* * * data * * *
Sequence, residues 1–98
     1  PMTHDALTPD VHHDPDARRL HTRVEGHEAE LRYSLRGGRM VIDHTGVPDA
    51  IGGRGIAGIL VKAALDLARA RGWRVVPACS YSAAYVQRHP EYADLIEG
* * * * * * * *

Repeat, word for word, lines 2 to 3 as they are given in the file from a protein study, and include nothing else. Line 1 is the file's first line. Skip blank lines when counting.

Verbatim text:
     1  PMTHDALTPD VHHDPDARRL HTRVEGHEAE LRYSLRGGRM VIDHTGVPDA
    51  IGGRGIAGIL VKAALDLARA RGWRVVPACS YSAAYVQRHP EYADLIEG